Turner Angus - Shelby Montana



Welcome to Turner Angus, thanks for stopping by. I believe I should tell you that I live in the Stone Age. I don't own a computer or a cell phone so I don't text or email. I can dial a phone so please feel free to call me anytime. When it comes to talking cattle I have been blessed with the gift of gab.

(A new addition to the place has been a laptop computer. I suppose it's time to build a bridge between the Stone Age and Technology Age. Don't tell anyone or my reputation will be shot.)

The ranch is located in North Central Montana 30 miles north and east of Shelby and about 15 miles south of the medicine line. I raise dry-land wheat and barley and Angus cattle. My average annual precipitation is usually less than ten inches. Drought is average, wet years are rare. The cows run on native hard grass pastures and crop stubble.

The Cattle
I run a survival of the fittest type operation. My cattle are medium framed with big middles. They are heavy built with thick necks, big heads and broad muzzles. The old cows weigh in that 1100 to 1300 pound range and don't have any hair on their chins. The young cows are 900 to 1200 pounds. I would describe them as coarse. The cow herd has been culled by years of drought and me trying to starve a profit out of them. This is the toughest registered cow herd in the country. It has been built, not bought, and is unique to it's environment.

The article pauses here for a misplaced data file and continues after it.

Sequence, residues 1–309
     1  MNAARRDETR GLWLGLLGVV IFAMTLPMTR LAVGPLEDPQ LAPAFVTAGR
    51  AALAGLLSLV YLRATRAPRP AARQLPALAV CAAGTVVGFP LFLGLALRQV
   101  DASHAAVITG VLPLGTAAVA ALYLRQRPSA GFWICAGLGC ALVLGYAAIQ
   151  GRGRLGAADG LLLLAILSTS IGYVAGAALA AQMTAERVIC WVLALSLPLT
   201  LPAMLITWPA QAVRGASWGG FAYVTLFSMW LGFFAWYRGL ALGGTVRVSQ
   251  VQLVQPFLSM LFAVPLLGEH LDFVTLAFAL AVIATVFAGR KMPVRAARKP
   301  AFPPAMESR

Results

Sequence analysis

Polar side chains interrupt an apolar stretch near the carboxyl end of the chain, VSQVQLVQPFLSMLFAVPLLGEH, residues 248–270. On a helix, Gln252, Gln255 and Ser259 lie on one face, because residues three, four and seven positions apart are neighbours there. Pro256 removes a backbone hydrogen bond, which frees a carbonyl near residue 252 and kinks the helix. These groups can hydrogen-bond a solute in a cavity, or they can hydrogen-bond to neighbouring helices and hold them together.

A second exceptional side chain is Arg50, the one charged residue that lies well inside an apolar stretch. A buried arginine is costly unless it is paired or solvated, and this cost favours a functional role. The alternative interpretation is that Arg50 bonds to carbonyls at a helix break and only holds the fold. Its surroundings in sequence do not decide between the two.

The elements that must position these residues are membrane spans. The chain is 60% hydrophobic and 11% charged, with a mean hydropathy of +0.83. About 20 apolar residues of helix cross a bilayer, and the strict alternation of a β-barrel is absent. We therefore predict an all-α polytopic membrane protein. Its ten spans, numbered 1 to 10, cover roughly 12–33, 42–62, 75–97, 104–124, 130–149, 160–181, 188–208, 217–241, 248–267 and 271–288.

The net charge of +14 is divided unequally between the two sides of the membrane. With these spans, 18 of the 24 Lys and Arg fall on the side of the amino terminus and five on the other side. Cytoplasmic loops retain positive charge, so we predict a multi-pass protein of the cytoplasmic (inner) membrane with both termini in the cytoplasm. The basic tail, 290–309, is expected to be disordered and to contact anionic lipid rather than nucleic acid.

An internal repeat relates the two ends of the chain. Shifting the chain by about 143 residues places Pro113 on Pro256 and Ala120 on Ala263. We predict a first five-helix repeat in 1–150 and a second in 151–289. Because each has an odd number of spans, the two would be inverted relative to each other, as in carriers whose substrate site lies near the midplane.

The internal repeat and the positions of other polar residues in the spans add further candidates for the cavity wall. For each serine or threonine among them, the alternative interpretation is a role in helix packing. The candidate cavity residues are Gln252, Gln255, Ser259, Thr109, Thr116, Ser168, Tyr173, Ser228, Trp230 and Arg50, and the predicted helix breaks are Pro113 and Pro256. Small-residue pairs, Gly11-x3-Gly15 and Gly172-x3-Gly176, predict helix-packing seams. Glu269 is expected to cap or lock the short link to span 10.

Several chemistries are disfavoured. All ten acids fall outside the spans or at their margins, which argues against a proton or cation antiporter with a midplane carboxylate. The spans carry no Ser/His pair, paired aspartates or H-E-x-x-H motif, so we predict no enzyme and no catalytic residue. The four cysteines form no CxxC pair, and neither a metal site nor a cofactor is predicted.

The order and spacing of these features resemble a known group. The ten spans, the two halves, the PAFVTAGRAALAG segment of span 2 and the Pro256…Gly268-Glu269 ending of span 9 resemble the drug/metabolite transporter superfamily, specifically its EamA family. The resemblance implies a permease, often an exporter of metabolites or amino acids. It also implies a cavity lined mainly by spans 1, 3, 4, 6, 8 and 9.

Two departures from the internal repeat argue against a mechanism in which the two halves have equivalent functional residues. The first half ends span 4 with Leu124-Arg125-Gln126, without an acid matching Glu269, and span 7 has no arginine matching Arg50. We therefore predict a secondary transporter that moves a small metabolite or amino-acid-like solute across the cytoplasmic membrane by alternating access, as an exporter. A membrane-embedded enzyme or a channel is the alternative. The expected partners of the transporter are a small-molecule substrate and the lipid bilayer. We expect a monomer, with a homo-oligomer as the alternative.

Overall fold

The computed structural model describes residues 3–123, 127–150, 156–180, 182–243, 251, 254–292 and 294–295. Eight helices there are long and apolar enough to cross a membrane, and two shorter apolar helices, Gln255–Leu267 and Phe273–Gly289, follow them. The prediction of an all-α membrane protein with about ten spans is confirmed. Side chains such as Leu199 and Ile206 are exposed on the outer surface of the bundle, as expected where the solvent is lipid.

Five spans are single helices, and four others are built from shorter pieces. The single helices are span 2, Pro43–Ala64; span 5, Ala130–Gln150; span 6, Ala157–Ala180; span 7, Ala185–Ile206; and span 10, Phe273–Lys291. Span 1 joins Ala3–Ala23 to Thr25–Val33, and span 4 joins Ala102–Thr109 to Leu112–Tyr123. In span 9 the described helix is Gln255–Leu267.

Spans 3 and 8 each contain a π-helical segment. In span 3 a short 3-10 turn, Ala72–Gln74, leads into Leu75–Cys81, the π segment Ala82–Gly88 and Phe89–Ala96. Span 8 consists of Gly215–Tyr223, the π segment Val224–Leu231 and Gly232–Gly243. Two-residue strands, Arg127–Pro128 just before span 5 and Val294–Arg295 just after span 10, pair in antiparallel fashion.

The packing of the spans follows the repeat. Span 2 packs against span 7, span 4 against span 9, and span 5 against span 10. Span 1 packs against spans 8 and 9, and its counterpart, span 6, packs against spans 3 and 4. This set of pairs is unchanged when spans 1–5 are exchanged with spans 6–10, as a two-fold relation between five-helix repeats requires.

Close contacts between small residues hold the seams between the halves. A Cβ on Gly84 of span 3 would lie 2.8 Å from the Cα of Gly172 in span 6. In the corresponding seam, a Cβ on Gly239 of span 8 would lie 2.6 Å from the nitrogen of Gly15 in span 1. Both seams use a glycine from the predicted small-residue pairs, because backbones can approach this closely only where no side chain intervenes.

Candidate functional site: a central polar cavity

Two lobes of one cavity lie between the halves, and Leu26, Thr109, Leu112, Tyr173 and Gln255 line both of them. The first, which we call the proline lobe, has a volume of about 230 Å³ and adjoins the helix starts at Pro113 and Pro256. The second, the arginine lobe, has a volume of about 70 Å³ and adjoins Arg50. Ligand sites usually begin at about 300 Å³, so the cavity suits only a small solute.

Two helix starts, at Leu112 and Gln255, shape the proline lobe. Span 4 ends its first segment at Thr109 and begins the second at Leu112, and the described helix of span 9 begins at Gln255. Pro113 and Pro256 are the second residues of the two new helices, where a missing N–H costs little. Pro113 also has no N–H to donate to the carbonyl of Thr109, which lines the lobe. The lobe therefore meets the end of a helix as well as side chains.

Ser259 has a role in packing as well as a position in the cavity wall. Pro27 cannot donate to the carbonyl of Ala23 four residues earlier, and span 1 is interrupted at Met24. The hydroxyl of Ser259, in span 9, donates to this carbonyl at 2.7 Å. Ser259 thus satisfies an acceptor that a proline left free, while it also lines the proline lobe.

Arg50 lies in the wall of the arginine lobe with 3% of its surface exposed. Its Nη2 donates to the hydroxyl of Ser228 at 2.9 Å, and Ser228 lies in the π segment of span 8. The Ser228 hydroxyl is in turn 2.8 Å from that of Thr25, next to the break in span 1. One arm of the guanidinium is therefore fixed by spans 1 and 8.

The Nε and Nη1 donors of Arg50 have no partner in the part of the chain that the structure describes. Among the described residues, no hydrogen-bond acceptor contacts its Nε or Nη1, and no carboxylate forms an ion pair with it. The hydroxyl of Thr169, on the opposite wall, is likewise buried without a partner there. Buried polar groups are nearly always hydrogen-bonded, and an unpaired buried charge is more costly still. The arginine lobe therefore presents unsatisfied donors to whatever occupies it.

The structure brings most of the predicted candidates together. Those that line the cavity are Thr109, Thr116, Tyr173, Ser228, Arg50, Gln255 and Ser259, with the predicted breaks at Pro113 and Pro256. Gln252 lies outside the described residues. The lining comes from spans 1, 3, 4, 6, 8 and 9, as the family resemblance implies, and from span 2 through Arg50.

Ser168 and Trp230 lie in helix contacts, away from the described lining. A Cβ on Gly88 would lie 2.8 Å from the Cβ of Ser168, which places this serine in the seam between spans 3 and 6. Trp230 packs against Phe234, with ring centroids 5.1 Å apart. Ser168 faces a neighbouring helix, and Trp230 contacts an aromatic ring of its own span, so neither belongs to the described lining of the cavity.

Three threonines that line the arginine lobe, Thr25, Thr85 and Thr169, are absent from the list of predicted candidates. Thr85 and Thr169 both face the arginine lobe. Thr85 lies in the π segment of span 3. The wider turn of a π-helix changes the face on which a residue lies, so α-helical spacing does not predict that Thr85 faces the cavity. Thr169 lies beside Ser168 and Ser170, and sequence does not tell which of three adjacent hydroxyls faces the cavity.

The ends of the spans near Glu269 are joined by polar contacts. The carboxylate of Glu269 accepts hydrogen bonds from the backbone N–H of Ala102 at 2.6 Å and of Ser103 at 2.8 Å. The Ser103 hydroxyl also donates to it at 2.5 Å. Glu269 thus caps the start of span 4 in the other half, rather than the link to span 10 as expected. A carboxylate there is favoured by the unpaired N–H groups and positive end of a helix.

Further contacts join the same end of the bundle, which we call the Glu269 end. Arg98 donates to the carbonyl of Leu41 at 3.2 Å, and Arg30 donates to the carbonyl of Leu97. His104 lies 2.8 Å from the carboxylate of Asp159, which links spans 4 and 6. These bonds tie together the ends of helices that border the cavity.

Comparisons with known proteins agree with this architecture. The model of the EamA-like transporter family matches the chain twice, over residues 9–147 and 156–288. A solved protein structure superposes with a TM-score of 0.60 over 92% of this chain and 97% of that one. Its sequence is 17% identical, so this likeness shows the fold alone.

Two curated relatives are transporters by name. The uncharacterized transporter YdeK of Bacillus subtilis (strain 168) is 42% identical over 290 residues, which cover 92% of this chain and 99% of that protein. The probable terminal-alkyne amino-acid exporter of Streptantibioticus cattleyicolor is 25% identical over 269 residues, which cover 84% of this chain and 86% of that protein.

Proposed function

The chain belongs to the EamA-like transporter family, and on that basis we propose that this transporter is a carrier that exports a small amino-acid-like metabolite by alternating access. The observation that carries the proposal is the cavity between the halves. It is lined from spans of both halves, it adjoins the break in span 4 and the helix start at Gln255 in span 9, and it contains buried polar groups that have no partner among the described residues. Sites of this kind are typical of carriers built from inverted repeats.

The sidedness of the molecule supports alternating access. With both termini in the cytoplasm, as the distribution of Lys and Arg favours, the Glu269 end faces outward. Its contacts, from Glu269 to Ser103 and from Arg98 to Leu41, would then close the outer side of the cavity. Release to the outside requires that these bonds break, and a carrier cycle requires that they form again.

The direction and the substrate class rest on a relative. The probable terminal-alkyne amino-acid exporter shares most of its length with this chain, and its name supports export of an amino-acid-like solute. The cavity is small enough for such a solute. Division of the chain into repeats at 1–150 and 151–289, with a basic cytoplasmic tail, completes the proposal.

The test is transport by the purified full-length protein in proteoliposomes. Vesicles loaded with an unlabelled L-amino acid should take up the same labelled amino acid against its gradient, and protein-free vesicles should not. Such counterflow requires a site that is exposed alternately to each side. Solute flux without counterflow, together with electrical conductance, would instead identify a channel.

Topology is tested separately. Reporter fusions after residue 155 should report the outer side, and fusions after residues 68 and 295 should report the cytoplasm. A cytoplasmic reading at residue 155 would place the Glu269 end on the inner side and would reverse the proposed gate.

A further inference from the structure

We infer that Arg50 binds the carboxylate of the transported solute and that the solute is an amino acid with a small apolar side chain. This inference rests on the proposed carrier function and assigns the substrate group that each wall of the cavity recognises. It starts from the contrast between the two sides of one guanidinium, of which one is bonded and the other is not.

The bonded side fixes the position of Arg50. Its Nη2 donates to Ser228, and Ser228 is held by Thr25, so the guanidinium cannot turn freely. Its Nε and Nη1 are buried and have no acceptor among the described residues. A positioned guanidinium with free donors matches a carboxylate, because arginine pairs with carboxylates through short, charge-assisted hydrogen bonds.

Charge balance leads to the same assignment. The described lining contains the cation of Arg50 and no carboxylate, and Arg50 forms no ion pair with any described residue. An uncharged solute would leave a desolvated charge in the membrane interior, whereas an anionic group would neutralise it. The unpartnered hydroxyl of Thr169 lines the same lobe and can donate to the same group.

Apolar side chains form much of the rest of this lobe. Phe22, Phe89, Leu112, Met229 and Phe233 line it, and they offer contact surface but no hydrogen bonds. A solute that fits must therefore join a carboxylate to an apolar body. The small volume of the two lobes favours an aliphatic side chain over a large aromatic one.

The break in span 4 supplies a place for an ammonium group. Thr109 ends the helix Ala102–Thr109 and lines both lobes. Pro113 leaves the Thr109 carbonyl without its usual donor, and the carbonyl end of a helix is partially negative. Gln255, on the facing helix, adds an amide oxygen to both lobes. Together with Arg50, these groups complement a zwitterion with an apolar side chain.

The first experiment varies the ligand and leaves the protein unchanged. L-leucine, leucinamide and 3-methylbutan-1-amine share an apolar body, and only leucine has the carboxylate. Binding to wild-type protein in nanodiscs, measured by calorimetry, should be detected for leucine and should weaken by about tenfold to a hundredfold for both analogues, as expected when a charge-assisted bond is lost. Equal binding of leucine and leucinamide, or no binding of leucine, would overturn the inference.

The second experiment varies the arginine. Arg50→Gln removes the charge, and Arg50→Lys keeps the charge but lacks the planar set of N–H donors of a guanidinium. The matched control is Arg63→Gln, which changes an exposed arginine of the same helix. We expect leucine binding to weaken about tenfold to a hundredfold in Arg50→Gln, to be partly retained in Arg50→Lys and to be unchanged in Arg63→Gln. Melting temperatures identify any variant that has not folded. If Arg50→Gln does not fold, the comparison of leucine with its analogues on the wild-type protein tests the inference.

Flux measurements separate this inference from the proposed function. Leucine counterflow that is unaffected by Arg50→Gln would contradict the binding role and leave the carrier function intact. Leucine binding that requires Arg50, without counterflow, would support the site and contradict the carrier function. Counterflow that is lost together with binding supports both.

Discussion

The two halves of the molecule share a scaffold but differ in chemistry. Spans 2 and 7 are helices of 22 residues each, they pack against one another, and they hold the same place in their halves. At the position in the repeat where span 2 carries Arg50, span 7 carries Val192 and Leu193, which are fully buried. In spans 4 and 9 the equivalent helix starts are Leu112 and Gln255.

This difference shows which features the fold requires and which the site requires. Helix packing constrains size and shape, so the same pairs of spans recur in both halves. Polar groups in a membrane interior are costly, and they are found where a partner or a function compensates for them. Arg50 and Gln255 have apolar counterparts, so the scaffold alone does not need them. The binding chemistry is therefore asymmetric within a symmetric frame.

Most of the cow herd is linebred Rito, Viking, Emulation. Basically I have kept my best bulls from my best cows and used them back in the herd. The Paturn 05 bull is the only homeraised bull I'm using now and his sons are the only ones highly linebred. The last few years I have brought in outside bulls to try and make minor adjustments to my cow herd. The Encore bred bull from Jack McNamee seems to be doing the best job for what I want.

Bull Power
Over the years I have always said that my bulls will breed more cows than average and that you don't need as many of my bulls to get the job done. People have repeatedly told me that my bulls are breeding machines. Lately I have changed my mind. Rick Schock has a herd of cows that are 100% my genetics. He runs an extra bull and he is usually done calving in a couple days. Dean Lerum runs a couple extra bulls. He used to always lose at least one bull a year to injury. He starts calving the second week of March and when he puts on his farmer hat the 1st of April he just has a handful left to calve. When it comes to saving time, the reduction of inputs, and the extra weight from those earlier calves, an extra bull gets real cheap.

Weaning Weights
I read in an article in Drover's Magazine where weaning weights have remained flat for the last 20 years. It also said if you increase cow size by 100 pounds you increase weaning weights by 6-17 pounds. It seems that chasing big numbers and extra pounds have been moving us backwards. In my environment weaning weights are determined by rainfall and pasture management – PERIOD. The more high powered the cow the smaller the calf. Performance costs money and I don't get enough rain to pay for the extra power. More power takes more for maintenance and less for the calf. The calf also has higher nutrient requirements that aren't being met, so now you have an open cow and a pot-bellied fur ball dink calf.